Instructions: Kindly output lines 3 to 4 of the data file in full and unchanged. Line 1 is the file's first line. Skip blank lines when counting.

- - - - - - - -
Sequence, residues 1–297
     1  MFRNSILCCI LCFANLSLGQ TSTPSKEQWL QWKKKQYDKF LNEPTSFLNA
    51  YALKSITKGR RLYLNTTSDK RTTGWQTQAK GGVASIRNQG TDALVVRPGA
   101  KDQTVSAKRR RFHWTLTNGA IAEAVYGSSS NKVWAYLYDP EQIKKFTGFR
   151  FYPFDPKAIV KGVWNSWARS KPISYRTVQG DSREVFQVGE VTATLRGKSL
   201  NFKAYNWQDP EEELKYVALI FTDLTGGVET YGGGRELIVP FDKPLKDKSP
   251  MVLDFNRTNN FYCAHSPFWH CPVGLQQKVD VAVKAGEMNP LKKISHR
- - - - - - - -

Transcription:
    51  YALKSITKGR RLYLNTTSDK RTTGWQTQAK GGVASIRNQG TDALVVRPGA
   101  KDQTVSAKRR RFHWTLTNGA IAEAVYGSSS NKVWAYLYDP EQIKKFTGFR